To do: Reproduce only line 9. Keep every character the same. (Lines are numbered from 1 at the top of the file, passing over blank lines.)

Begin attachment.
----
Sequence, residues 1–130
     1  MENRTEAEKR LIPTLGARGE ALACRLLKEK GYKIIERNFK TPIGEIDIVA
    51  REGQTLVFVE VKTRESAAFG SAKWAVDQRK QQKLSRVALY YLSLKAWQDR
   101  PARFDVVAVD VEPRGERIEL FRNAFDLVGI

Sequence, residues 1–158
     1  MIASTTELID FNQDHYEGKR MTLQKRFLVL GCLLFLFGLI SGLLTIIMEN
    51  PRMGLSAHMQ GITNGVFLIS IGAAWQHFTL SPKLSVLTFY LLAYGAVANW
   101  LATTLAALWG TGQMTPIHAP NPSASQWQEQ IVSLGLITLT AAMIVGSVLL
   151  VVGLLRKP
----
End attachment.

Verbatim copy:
   151  VVGLLRKP